When describing places, the genitive of apposition is used regularly. As expert Greek grammarian Dan Wallace notes, when merē is used in the plural [which is in Eph. 4:9] and the region is used in the singular [which ‘earth’ it is in Eph. 4:9] it is commonly a genitive of apposition. Wallace notes similar constructions is the Greek translation of Isa. 9:1; Matt. 2:22; 15:21; 16:13; Mark 8:10; Acts 2:10.

What this basically means is that we are not to understand “earth” as the whole and “lower regions” as some part of the earth—under it—as sheol/hades is described. Rather we are to understand the lower regions to which Christ descends as the earth itself.

It is possible that this ‘descent’ includes his body going into the grave.
(a) we do have a similar phrase in Psalm 63:9 and Isaiah 43:23
ESV Psalm 63:9 But those who seek to destroy my life shall go down into the depths of the earth;
NAU Isaiah 44:23 Shout for joy, O heavens, for the LORD has done it! Shout joyfully, you lower parts of the earth; Break forth into a shout of joy, you mountains, O forest, and every tree in it; For the LORD has redeemed Jacob And in Israel He shows forth His glory.
In the Greek translation of the OT, Psalm 63:9 is closer to the NT. Whereas the Greek for Isaiah translates “lower parts” as ‘foundations’. The Hebrew in both passages is tachi. It is possible that Paul has this background in mind, then he may have a descent that is deeper.

It is true that Philippians 2:10 seems to suggest three levels: 'heaven, earth and under the earth." In Philippians 2:6-7 the humiliation of Christ includes both his coming to earth and his death on the cross. So while Philippians 2:11 mention the knees of "of those who are in heaven and on earth and under the earth," bowing--it never mentions a descent to a physical location under the earth--beyond His body being in the grave.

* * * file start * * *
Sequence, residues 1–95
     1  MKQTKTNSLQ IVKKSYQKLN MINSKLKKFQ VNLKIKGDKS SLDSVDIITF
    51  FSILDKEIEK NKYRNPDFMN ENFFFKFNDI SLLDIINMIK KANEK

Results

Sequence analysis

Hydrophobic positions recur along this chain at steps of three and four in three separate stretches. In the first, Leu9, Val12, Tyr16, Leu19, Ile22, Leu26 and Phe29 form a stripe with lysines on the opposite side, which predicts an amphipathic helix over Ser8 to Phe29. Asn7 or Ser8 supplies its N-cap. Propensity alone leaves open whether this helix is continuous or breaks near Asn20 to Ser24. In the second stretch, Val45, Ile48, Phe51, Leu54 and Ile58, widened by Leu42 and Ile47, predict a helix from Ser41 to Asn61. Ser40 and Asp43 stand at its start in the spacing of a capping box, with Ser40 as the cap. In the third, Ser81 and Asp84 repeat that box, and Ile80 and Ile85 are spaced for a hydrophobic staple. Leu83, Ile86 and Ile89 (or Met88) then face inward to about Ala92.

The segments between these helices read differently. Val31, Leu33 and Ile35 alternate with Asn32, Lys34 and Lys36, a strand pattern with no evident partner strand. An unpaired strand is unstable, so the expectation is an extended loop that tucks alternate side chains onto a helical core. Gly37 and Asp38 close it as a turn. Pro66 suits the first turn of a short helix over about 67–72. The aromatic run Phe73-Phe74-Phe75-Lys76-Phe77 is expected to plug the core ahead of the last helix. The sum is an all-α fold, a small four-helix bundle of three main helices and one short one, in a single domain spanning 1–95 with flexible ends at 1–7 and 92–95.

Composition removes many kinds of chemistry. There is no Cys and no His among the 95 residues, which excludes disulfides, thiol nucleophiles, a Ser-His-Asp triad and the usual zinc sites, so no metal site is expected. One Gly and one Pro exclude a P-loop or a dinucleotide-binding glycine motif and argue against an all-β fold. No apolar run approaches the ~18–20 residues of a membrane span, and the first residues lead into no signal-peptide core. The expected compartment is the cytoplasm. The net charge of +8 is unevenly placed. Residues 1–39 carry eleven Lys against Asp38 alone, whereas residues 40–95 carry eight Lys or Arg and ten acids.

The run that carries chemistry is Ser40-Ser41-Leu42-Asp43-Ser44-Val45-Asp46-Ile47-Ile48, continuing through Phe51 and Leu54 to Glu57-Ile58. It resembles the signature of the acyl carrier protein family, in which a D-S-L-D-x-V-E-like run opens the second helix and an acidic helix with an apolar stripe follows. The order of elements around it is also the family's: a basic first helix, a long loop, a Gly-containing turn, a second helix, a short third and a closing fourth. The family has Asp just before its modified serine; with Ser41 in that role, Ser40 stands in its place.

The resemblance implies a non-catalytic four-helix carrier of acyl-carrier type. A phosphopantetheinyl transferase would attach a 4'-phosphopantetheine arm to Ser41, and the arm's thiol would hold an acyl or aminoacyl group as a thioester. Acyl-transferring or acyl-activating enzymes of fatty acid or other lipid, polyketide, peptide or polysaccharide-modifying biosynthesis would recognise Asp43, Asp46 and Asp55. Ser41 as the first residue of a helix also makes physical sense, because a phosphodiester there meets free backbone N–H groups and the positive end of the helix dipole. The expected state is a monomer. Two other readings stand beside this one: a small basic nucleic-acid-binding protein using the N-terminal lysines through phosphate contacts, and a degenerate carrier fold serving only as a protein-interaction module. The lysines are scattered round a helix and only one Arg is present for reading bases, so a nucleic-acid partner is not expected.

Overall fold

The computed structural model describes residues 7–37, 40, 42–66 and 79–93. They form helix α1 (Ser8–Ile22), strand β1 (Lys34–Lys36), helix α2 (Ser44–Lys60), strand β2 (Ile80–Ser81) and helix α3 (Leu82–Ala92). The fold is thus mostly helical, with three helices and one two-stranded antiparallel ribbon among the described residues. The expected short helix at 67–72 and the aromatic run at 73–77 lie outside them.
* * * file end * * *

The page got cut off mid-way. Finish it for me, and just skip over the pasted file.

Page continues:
When it comes to Ephesians 4:(, I think it is best grammatically to see “regions” as an important indicator and Psalm 63:9 just says depth. There may be a difference in the Greek translation of Psalm 63:9 katōtata (lowest) and Ephesians 4:9 katatepos (‘lower’). It is unwarranted to suggest there is a lowest region under the earth just above a lower region. Such thinking assumes Paul, Psalm 63 and Isaiah 43 all have the same things in mind. It is safer grammatically to see Paul describing the lower region as the earth itself in Eph. 4:9 while he clearly holds to a region under the earth in Phil. 2:11.